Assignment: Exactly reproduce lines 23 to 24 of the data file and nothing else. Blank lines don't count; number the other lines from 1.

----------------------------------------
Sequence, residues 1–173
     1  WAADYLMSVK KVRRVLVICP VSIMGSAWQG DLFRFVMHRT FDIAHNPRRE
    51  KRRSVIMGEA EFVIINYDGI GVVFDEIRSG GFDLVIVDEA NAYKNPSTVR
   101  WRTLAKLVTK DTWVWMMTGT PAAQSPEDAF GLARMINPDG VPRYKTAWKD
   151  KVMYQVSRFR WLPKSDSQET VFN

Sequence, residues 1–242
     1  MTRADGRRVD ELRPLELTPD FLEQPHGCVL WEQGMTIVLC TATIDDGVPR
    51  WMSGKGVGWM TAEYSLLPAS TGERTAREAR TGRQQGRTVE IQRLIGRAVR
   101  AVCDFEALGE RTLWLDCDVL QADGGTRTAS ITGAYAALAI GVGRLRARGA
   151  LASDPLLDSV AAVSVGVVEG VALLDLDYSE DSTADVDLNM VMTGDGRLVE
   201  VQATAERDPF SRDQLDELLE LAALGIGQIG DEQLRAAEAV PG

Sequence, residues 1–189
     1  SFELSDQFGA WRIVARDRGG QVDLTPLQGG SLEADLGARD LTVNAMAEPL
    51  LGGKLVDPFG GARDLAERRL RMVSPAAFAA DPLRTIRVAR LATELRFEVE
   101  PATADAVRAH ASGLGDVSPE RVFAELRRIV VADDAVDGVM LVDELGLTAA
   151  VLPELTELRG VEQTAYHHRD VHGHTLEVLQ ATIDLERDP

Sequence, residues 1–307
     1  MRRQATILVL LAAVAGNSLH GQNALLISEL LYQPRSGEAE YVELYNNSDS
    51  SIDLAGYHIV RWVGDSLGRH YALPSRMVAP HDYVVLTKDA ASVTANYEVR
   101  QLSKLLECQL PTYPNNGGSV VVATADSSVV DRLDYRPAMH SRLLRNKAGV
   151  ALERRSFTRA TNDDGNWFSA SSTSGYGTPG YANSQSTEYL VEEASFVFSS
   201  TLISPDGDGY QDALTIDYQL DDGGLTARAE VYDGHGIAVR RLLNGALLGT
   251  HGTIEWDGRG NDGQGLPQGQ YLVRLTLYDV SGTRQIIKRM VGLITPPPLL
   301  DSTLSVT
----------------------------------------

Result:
   251  HGTIEWDGRG NDGQGLPQGQ YLVRLTLYDV SGTRQIIKRM VGLITPPPLL
   301  DSTLSVT